On June 4, 2018, Duff & Phelps purchased Kroll, Inc.[13][14] In February 2021, Duff & Phelps announced plans to unify the companies under the Kroll brand.[15] On March 25, 2021, Kroll announced that it had acquired Redscan, a UK based cyber security company.[16]

ServicesEdit

Background screeningEdit

Kroll's background screening division provides screening services for areas such as employment, supplier selection, investment placement and institutional admissions. Kroll's Background Screening division also includes the Kroll Fraud Solutions unit, which specializes in identity theft protection and identity restoration services.[17]

Security consultingEdit

Kroll offers consulting services through Kroll Security Group, its Security Consulting and Security Engineering & Design division. These services include threat assessments, vulnerability assessments, physical security surveys, security disaster planning, policy and procedure development, staffing studies, etc.

In 2020, Kroll was hired by the Austin Police Department to evaluate the department's policies and protocols for racism and discrimination. They presented their findings to the Austin city council in March 2021.[18]

Social mediaEdit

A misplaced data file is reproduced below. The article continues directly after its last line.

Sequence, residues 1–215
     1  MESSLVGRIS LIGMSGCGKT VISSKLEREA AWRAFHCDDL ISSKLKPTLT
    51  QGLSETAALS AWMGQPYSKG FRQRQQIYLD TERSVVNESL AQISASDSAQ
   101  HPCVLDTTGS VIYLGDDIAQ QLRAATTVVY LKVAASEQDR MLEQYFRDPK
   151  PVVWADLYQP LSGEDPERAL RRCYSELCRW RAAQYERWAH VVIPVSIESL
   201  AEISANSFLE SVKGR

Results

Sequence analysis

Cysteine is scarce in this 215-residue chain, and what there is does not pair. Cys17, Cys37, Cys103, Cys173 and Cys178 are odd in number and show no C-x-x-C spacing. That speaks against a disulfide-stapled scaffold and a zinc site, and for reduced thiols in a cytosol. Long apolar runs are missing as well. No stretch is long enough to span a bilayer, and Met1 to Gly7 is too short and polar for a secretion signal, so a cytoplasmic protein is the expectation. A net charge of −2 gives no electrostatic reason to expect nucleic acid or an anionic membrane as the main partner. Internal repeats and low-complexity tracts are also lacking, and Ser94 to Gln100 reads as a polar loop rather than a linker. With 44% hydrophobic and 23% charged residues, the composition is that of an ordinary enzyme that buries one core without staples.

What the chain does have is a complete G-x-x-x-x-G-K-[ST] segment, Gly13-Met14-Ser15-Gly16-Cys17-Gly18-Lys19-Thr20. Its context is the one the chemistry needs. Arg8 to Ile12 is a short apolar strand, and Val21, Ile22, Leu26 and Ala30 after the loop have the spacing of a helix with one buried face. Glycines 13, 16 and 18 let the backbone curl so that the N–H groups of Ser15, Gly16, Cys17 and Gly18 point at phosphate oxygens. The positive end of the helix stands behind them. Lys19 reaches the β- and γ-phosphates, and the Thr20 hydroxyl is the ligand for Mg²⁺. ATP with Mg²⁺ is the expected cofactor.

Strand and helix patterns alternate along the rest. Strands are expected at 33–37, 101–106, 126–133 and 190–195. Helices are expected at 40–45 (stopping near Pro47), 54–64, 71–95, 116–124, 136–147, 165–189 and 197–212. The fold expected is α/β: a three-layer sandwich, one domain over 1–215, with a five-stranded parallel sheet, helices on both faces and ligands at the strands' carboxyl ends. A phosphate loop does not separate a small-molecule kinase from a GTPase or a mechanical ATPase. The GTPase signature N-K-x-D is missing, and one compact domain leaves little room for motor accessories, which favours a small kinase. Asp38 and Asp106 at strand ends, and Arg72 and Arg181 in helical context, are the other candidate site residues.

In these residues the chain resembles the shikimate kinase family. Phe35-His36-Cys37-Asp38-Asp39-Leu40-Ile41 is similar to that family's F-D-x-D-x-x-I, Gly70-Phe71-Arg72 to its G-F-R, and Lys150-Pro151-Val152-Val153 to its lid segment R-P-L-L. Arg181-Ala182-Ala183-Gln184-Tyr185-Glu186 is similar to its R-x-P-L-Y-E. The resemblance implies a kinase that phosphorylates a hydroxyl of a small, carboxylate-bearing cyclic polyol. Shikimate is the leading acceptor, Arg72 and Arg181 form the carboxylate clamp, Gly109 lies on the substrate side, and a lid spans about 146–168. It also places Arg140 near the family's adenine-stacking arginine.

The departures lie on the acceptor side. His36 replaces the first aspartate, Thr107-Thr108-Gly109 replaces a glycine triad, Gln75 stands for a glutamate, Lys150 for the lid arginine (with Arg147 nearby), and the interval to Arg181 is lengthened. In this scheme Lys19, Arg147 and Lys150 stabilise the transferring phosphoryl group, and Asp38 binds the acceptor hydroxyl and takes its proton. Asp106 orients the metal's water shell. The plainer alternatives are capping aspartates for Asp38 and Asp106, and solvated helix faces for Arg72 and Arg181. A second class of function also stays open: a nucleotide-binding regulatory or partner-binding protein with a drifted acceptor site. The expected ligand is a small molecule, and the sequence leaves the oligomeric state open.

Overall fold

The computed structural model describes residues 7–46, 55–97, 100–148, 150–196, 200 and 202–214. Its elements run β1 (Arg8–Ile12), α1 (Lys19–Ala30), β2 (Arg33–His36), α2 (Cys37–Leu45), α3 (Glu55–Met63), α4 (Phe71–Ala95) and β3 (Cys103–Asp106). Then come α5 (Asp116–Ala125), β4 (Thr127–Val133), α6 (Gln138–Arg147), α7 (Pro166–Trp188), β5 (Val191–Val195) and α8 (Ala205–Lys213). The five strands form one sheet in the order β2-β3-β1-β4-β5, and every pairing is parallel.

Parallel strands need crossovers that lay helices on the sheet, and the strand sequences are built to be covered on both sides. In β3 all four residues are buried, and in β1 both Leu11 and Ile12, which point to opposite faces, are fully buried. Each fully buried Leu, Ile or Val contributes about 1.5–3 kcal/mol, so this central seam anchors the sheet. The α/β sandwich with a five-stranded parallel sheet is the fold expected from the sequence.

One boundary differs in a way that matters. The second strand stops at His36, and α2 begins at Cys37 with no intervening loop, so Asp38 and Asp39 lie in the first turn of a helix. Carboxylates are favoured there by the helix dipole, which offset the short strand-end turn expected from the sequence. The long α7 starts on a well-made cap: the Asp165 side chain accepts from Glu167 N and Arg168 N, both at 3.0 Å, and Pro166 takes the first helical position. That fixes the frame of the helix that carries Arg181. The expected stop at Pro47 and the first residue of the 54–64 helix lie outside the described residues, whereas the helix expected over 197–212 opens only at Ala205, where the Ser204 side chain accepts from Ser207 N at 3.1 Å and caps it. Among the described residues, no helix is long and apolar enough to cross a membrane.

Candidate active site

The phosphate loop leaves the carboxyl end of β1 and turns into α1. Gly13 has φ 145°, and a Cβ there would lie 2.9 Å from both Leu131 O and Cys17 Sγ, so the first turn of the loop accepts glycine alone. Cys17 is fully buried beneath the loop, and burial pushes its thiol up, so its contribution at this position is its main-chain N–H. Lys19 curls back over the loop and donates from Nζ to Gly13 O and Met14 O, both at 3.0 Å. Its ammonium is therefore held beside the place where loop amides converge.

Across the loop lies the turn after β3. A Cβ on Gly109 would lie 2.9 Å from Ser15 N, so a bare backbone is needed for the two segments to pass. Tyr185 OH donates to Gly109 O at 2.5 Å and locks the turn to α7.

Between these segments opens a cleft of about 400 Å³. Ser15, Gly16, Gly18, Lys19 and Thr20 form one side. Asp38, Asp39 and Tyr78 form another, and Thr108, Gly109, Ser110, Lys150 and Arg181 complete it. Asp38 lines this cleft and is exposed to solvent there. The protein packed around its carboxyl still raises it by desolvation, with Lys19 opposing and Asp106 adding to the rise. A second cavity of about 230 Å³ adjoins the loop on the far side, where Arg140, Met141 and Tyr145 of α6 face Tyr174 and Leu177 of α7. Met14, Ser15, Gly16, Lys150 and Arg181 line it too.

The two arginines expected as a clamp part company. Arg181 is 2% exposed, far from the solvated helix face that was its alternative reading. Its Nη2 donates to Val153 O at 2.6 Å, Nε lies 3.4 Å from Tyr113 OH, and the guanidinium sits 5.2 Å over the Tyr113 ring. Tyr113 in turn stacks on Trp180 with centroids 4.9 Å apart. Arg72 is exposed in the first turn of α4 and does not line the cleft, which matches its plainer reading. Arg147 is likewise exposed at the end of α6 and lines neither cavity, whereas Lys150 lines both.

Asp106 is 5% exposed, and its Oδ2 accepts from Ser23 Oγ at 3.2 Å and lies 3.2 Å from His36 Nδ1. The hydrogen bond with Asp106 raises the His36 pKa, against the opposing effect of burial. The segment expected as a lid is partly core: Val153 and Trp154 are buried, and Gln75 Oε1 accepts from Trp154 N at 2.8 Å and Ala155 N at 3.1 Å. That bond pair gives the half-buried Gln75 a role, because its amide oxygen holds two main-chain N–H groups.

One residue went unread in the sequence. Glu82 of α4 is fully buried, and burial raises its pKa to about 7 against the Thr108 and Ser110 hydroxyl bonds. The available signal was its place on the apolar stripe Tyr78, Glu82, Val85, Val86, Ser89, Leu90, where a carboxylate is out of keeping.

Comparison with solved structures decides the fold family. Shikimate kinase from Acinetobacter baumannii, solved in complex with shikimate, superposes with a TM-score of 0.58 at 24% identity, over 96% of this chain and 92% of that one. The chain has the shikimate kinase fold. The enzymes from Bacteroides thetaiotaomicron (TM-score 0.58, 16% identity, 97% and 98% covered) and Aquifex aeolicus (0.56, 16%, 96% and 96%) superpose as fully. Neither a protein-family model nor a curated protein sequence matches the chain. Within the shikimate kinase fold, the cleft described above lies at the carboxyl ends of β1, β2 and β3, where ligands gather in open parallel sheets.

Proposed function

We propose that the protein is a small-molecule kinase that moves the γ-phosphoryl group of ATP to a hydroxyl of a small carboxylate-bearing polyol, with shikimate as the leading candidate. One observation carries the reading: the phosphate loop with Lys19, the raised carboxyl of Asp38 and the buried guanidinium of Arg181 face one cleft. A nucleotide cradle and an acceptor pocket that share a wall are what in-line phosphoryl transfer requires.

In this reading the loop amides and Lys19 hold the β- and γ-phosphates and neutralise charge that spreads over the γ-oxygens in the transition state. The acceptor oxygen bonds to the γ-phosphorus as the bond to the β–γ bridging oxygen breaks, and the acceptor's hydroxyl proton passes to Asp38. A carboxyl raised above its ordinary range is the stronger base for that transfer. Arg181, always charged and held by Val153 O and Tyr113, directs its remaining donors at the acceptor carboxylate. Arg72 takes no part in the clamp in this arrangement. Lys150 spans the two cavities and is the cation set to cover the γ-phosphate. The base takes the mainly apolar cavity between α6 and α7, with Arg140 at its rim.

The company provides background checks on Instagram influencers, using publicly-accessible online information to prevent them being 'cancelled' for problematic or potentially disreputable behaviour (e.g. tweets which includes offensive language or content).[19]

Other workEdit

Kroll was hired in 2018 by Michigan State University during the Larry Nassar case to investigate over 170 sexual assault cases at the university.[20]

Historical casesEdit

The Heroin Trail caseEdit

In 1987, in the prominent First Amendment case over The Heroin Trail stories in New York Newsday, attorney Floyd Abrams enlisted Kroll's help to find an eyewitness: "But was it conceivable that we could come up with an eyewitness who could be of help? I called Jules Kroll, the CEO of Kroll Associates, the nation's most acclaimed investigative firm, to ask him if he could inquire, through the extensive range of former law enforcement officials employed by him, whether Karaduman was known to be a drug trafficker in Istanbul."[21] Two weeks into the trial Kroll produced Faraculah Arras, who was prepared to testify he was involved in one of Karaduman's drug deals. "I was stunned," recalled Abrams.